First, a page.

Exploring Discourse-level Features for Audiobook-based Speech Synthesis
Ribeiro 2013 MSc.pdf (1.149Mb)
Ribeiro, Manuel Sam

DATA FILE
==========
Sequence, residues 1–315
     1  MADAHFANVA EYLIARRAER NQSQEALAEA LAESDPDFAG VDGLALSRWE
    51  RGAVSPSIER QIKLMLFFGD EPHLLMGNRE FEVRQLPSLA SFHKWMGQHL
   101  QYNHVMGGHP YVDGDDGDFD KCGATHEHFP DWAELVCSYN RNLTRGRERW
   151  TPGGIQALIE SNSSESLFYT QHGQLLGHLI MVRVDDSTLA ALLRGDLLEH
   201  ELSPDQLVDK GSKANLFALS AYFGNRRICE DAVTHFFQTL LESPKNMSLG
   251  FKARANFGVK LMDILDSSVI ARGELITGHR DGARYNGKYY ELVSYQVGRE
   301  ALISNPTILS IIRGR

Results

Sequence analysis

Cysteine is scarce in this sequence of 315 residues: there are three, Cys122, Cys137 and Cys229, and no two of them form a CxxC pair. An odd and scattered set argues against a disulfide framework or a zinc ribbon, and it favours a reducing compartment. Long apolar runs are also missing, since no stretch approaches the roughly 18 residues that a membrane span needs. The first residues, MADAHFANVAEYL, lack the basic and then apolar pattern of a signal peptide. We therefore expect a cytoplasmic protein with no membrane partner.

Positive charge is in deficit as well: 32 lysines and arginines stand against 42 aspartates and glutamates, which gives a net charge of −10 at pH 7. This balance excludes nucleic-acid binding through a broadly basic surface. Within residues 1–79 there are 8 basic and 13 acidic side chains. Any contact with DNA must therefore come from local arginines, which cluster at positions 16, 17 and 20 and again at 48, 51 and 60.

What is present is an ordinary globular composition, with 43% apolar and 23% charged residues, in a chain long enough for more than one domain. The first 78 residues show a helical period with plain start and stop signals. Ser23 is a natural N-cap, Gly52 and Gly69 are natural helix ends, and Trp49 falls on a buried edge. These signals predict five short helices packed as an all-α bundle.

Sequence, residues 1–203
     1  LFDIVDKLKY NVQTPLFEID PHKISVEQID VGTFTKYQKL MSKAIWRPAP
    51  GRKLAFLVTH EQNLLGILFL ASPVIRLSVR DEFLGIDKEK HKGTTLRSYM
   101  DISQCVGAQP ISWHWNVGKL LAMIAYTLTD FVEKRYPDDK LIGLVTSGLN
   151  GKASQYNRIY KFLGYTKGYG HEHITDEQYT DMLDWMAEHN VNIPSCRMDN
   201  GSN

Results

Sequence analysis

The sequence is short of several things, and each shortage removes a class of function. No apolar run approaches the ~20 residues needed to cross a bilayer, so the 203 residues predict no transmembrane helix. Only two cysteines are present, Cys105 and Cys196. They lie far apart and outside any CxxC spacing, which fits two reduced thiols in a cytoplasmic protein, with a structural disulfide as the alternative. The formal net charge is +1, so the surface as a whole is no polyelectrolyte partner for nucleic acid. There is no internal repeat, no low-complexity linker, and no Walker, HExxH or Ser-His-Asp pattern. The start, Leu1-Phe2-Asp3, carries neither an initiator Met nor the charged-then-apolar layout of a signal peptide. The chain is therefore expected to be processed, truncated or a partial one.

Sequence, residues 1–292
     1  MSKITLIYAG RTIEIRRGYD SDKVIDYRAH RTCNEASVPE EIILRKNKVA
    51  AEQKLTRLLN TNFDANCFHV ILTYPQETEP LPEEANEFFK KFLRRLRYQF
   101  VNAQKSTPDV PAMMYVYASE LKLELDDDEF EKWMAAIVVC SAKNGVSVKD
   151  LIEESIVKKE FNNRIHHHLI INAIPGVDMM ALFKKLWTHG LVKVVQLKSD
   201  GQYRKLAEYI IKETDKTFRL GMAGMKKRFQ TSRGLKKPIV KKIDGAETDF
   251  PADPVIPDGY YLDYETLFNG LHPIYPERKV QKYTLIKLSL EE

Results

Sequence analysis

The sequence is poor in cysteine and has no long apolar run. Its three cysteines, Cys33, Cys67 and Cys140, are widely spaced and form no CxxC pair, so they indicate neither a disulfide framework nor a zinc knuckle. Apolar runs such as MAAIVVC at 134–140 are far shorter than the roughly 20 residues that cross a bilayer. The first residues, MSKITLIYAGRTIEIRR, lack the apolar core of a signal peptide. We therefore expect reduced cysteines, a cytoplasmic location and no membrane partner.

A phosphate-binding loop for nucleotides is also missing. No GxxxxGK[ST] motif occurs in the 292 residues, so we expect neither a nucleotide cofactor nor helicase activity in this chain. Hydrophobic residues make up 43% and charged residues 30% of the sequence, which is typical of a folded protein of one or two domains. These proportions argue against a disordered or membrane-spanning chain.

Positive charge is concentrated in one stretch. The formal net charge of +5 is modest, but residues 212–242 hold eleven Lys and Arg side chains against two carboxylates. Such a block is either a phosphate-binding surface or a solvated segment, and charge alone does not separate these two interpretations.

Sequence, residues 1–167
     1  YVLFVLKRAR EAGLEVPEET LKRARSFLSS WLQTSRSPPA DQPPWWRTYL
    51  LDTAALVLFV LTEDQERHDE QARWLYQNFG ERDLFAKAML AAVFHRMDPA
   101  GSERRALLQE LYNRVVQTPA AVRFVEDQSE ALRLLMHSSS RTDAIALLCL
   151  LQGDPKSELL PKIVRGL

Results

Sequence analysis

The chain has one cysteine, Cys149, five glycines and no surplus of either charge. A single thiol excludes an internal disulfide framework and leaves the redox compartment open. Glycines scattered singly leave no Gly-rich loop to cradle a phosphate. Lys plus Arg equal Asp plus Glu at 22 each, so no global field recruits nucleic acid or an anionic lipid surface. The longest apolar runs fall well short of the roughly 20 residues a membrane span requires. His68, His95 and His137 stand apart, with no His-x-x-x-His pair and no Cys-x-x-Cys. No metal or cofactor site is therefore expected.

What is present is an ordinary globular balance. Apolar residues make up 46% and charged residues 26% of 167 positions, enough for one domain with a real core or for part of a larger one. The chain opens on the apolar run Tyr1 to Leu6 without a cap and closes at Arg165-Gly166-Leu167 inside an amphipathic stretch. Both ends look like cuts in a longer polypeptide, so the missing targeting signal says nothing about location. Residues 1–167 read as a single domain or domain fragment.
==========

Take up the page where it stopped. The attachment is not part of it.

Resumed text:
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Audiobooks are a powerful source of rich information for speech synthesis. Recent work has been focusing on this type of data to improve synthetic speech on two essential dimensions: naturalness and expressiveness. In audiobooks, sentences are not spoken in isolation, as in traditional speech synthesis databases, which allow us to explore discourse-level effects in synthetic speech. Furthermore, audiobook readers often change their voices to impersonate certain characters or to convey particular emotions related to the text, essentially making their speech more expressive. We should be aware, however, that audiobooks are found data. They were not specifically designed for speech synthesis, and may lack the coverage that carefully designed databases would have. Also, especially with freely available materials, audiobook recordings may not have been performed in the best conditions and readers may not be professional voice talents. Regardless, recent work has shown that audiobook data can be a valuable asset. This work will conduct an exploratory analysis on audiobook data, focusing on discourse-level phenomena, with the intent of improving the naturalness and expressiveness of synthetic speech. Several topics in these two dimensions are explored considering the written paragraph as a unit of discourse. In terms of naturalness, we begin by exploring acoustic effects within the paragraph and at its boundaries, focusing on intonational (F0-based) and durational cues in speech production. We continue with the prediction of pause duration from the large audiobook corpus. As for expressiveness, we explore Cluster Adaptive Training (CAT) interpolation weight vectors. We analyze their distributions and propose several text-based features that might help explain their variability. We then build univariate and multivariate regression trees in order to predict CAT weight vectors from the suggested textual features. Given the exploratory nature of this work, some analyses and models are more successful than others, and some results inevitably lead to new hypotheses. We conclude with suggestions for future work for each of the observed topics.